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It has been exactly 60 years since the iconic European bison, Europe’s largest land mammal, made its triumphant return to the Bieszczady Mountains on October 30, 1963. The arrival, adaptation, and subsequent history of these magnificent creatures are a testament to conservation and dedication.
In the early hours of October 30, 1963, the first batch of European bison from Pszczyna and Niepołomice arrived at the acclimatization enclosure in the Zwór Valley within the Stuposiany Forest District, located in the Bieszczady National Park. This extraordinary event was chronicled in handwritten records and archival press reports. The preparations for the arrival of these majestic animals began with the construction of an acclimatization enclosure, now situated in the Bieszczady National Park, within the Stuposiany Forest District. The enclosure, spanning over 5.5 hectares, featured a wooden fence, a storage-pen, and an observation hut for monitoring the animals. In addition, around 2.5 kilometers of forest road leading to the enclosure were renovated to ensure the safe transport of crates carrying the bison.
Given that the acclimatization occurred during winter, with significant snow cover and persistent frost, the animals were provided with abundant hay and acorns: “Rangers fed the bison, laying out unlimited hay and four kilograms of acorns per head.”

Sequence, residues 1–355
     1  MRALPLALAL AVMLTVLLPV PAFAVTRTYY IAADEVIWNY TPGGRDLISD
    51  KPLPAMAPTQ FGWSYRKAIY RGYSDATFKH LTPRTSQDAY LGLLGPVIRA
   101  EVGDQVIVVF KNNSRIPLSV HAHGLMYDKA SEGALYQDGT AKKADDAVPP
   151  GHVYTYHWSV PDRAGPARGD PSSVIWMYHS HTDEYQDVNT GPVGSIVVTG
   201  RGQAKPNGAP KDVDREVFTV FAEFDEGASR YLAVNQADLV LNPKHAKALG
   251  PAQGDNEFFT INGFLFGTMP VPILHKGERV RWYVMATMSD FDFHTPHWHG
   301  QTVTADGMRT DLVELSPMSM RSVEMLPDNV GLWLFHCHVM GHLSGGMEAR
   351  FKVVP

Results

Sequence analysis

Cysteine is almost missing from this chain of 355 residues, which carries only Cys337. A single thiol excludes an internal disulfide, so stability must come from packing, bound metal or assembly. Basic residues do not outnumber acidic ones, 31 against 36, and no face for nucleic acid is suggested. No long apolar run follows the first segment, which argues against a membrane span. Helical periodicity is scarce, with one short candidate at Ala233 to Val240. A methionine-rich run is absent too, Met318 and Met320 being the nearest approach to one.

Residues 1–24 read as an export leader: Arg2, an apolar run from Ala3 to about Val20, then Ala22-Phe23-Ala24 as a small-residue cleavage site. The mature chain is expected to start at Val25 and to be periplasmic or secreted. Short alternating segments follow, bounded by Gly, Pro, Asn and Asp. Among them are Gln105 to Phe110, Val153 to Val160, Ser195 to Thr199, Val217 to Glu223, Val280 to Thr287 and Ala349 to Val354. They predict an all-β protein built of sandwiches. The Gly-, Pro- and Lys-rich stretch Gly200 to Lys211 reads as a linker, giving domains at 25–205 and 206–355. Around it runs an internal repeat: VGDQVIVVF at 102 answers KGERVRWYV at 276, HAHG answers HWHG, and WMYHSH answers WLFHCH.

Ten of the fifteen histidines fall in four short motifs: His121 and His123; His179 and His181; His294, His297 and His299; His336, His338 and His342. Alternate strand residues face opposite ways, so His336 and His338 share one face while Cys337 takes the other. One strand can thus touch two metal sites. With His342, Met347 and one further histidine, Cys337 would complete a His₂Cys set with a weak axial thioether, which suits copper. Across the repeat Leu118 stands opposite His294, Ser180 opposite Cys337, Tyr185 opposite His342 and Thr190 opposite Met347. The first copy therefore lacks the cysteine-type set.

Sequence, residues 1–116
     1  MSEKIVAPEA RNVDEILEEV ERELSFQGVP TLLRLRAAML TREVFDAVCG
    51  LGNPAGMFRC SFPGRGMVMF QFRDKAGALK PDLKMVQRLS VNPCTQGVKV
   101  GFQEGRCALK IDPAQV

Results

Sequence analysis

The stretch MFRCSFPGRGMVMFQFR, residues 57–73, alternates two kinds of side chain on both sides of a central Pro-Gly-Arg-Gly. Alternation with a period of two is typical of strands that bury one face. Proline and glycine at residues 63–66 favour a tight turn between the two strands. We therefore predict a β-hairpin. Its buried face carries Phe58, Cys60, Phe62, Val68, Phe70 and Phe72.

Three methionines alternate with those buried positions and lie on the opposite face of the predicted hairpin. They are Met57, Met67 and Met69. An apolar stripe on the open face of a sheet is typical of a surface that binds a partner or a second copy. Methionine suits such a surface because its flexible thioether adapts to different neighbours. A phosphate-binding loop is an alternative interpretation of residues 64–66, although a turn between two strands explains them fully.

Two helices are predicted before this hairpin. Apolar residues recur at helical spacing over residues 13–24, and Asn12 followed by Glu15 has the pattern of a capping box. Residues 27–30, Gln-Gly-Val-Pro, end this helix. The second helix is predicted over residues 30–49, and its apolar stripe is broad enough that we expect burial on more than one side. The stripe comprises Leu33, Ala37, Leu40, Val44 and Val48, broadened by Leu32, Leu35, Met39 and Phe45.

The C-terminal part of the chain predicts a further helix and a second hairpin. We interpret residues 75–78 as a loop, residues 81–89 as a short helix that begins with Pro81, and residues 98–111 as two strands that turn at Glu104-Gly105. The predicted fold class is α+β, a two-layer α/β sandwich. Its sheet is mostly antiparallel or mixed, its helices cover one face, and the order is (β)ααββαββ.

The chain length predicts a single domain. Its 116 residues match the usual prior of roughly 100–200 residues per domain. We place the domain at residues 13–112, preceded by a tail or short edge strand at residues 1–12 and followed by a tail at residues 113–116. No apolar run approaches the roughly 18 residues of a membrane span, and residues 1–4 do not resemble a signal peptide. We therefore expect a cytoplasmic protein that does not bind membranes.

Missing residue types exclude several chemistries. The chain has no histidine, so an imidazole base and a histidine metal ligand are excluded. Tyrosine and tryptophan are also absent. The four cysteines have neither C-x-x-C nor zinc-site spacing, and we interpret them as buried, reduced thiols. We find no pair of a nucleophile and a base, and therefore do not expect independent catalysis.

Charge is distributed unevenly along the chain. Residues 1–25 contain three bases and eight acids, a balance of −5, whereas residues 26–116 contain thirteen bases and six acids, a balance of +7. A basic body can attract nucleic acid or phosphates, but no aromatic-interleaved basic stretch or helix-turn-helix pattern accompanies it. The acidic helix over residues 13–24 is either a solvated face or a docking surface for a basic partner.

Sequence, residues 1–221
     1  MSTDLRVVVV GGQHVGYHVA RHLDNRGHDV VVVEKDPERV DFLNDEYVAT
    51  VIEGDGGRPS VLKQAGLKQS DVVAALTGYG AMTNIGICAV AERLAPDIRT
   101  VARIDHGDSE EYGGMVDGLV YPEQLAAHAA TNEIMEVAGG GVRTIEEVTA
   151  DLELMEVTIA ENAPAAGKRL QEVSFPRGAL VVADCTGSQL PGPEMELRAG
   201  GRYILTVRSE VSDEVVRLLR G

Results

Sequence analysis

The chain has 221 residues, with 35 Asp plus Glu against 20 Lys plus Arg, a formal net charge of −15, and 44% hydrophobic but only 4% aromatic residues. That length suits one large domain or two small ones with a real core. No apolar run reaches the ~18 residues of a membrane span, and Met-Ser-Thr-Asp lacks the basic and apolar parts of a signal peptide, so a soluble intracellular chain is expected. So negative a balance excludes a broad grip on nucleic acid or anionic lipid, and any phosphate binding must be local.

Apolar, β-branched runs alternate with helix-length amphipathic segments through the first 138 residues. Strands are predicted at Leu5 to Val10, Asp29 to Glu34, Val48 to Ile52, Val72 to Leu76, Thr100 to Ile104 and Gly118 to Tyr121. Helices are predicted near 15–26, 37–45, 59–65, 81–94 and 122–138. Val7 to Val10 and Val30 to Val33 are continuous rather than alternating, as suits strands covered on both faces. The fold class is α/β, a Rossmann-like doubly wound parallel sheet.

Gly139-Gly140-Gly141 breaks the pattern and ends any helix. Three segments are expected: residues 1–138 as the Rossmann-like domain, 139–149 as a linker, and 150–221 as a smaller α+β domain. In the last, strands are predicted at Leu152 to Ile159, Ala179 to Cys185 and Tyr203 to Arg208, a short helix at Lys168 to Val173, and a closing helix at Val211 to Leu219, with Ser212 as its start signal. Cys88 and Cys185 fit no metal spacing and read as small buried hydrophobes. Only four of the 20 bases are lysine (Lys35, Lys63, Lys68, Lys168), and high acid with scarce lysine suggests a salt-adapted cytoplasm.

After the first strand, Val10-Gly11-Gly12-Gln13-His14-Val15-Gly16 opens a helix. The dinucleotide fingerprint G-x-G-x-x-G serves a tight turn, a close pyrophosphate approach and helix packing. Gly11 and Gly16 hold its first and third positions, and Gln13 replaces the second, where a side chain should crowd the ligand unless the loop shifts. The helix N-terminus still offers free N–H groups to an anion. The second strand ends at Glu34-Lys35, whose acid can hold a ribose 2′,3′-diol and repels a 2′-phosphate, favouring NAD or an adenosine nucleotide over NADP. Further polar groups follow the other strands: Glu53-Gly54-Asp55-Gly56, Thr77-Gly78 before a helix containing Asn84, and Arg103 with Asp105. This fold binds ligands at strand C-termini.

A Local and Tourist Attraction
The bison residing in the enclosure quickly became a local and tourist attraction. Many visitors wanted to catch a glimpse of these majestic creatures, which had created a sensation. As a result, the Forest District was compelled to employ two guards to manage the influx of curious visitors and redirect them away from the area.
Release into the Wild
In May 1964, with advanced vegetation growth, it was decided to release the bison into the wild. To facilitate their exit, a section of the enclosure was dismantled. However, the bison hesitated to leave initially, only venturing out during the night. For a long time, they stayed close to the vicinity, often seen near Kiczerka, Bukowe Berdo, or Widełki. The bison were unafraid of people and occasionally visited human settlements, observing other domestic animals.
Growth of the Bison Population
Additional bison from the Pszczyna and Niepołomice reserves joined the Bieszczady bison in July 1964. This marked the beginning of a free-roaming bison population in the Bieszczady Mountains. Today, this population numbers around 750 individuals.
A Legacy in Conservation
The acclimatization enclosure in the Widełki Forest District lives on in the form of the Bison Display Enclosure in Muczne, constructed in 2012 within the Stuposiany Forest District. This facility continues the breeding mission initiated by scientists and foresters. The bison at this facility belong to the Bialowieza-Caucasian (mountain) lineage, and each calf born receives a name beginning with “PU.” The Stuposiany Forest District annually holds a competition to name the calves, inviting a wide audience to engage in the bison’s biology and history. Calves born this year received the names: Puerto, Pustynka, Pułapka, and Pudyna, the 40th calf born at the Muczne Bison Display Enclosure.
Based on the text written by Ewelina Górna-Baran and Adam Szmiłyk